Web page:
Build your own personal newspaper with Thirst
Thirst is a new iOS app from the company of the same name. It’s available now as a free download from the App Store, and is currently featured in the New and Noteworthy section of the App Store front page.
Thirst is the latest in the increasingly-long line of apps that attempt to bring together articles and social posts from across the Web and aggregate them together into a more easily readable and digestible format. In many senses, these apps and services are attempting to gradually replace RSS readers, which many Internet users have used until now to keep up with their favorite websites from a single centralized location. The new services offer the benefit of automatic content selection based on online social popularity, but this improved ease of use often comes at the expense of having complete control over what news comes your way.
Like most similar services, Thirst allows the user to sign in using either Facebook or Twitter, but does not require either of these services to use. If the user signs in using an existing social media account, they are able to automatically follow any of their friends who are also using Thirst. Thirst uses its own proprietary account system, so users are also able to find new people to follow using the service itself.
Thirst is split into a number of main sections. The “Newspaper” section features a personalized feed of topics based on things that the user has followed — either individual topics or specific users. The “Discuss” section shows a selection of featured articles that have been attracting a lot of interactions. The “Interactions” tab shows notifications for when the user has had contact with others. The “Explore” section allows users to browse through topics and subtopics, then follow the latter to add to their “Newspaper.” And finally, a “Search” function allows users to seek out specific users and topics to follow.
When looking at a page of information about a topic, several tabs are available. The “News” tab shows a list of articles relating to the topic in question, and relevant media files (usually video) underneath. The “Discuss” tab shows which articles have received the most Likes and comments on Thirst. The “Chatter” tab shows posts from social media relating to the topic in question. And the “Info” tab searches Wikipedia for information on the topic in question.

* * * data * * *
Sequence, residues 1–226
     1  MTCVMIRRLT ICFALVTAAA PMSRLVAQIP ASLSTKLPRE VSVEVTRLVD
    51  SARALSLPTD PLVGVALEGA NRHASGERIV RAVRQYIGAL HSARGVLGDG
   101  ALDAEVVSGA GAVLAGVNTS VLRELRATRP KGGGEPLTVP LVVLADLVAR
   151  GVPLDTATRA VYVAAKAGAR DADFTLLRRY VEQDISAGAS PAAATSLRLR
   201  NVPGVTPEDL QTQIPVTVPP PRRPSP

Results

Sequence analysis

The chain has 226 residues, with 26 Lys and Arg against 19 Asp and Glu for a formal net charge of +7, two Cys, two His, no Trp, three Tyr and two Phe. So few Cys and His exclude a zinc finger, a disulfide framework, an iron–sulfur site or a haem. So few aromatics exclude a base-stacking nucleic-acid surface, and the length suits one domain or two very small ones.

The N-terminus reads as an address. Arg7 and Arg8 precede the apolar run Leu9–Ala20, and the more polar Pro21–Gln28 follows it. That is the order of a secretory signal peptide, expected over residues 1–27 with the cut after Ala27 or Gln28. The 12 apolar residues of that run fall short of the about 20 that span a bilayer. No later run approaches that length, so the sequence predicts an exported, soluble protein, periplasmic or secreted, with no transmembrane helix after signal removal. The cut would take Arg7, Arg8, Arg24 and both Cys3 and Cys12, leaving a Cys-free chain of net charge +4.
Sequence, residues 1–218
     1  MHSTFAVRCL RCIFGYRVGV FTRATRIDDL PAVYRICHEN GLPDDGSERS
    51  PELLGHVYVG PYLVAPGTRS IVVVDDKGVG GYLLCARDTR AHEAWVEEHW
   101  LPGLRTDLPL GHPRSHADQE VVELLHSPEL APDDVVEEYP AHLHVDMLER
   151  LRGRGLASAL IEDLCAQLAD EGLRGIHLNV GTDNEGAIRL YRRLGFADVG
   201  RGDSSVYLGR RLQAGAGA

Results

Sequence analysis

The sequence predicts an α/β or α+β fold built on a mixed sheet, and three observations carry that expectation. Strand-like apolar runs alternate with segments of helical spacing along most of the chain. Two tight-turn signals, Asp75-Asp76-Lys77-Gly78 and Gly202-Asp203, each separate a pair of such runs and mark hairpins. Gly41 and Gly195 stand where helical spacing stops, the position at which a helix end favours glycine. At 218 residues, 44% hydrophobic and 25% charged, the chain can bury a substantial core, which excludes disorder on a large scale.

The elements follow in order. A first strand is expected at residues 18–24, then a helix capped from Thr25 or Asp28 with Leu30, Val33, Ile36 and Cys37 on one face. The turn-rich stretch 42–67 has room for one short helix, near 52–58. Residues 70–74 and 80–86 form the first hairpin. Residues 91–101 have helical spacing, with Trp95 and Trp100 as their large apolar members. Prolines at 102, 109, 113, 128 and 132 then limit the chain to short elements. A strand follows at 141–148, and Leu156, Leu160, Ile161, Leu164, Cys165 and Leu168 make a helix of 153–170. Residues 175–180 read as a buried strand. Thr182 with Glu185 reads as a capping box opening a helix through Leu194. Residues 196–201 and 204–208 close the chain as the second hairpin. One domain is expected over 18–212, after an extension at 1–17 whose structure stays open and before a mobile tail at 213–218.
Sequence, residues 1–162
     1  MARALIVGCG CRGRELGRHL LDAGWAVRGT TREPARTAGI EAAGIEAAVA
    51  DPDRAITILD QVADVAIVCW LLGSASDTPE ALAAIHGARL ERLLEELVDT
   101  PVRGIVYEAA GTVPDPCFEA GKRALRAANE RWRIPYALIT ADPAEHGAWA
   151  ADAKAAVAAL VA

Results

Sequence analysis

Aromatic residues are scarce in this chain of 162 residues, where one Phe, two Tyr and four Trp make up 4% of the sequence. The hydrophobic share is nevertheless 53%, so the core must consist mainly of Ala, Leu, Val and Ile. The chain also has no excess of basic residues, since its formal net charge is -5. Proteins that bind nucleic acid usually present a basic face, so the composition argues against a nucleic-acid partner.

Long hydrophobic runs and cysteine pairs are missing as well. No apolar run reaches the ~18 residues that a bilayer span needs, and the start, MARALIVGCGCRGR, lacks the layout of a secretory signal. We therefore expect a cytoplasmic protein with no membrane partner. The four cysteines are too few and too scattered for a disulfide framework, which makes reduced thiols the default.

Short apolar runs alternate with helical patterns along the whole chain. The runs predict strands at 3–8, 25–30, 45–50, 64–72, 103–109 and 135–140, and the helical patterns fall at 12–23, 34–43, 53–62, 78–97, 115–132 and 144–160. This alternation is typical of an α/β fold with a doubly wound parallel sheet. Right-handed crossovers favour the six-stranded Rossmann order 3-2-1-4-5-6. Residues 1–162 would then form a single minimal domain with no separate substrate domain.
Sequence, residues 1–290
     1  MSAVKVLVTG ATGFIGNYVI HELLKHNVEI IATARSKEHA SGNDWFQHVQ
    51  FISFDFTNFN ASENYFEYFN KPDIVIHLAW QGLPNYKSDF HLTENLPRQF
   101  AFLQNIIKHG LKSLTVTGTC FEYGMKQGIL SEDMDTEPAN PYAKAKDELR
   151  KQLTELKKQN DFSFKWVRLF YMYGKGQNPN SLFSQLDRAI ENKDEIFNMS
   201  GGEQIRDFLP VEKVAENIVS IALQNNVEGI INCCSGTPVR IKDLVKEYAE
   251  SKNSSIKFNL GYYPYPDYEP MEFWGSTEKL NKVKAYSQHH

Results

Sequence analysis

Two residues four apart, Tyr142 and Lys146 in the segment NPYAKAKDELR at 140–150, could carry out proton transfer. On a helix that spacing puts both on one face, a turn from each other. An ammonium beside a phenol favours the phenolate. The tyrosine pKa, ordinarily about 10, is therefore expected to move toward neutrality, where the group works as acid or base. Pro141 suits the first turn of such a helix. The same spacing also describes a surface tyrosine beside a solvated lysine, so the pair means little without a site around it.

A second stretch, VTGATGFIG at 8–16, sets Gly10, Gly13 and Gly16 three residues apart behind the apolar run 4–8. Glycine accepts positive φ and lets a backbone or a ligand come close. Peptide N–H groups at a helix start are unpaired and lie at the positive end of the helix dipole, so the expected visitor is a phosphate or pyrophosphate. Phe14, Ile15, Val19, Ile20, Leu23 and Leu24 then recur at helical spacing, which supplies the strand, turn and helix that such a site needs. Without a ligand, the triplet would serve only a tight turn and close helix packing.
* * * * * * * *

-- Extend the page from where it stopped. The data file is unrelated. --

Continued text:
Tapping through to an individual article allows the user to view it within Thirst’s interface. “Like” and “Dislike” buttons appear at the bottom of the screen, along with a button to comment (and optionally share on Facebook/Twitter). A “settings” button also allows the user to mail a link to the original article, copy its URL or block it from appearing on Thirst if it contains content that they do not wish to see. At any point while reading an article, the user may tab over to its “Discuss” page, which allows easy viewing of Likes, Dislikes and comments posted on Thirst relating to the article. Unfortunately, Likes and Dislikes are treated in the same manner as comments, so popular articles can quickly become flooded and discussion hard to follow; it would have been better if Likes were collected together into a single “story,” much like they are on Facebook and other social services.
Thirst is a well-designed app that performs its functions well. It’s questionable as to whether it really needs its own social network for users to comment, Like and Dislike content, but it at least connects to Facebook and Twitter for easy sharing on more well-established services. The service seems to cover a wide variety of content, is fully searchable as well as browsable, and is quite flexible. On the whole, it seems to be quite a good service for those looking for a new way to consume their news. As noted above, this type of app typically sacrifices customizability in favor or ease of use, and that’s certainly the case here — but for those who don’t want to spend hours curating their RSS feeds, this is certainly a good solution.
You can follow Thirst’s progress with AppData, our tracking service for mobile and social apps and developers.